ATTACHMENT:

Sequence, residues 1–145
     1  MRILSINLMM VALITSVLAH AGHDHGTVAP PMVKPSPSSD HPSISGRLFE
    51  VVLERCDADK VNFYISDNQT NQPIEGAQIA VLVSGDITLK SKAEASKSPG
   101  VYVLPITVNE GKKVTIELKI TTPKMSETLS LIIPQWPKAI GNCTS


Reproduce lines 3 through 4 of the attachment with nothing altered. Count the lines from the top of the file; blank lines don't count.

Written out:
    51  VVLERCDADK VNFYISDNQT NQPIEGAQIA VLVSGDITLK SKAEASKSPG
   101  VYVLPITVNE GKKVTIELKI TTPKMSETLS LIIPQWPKAI GNCTS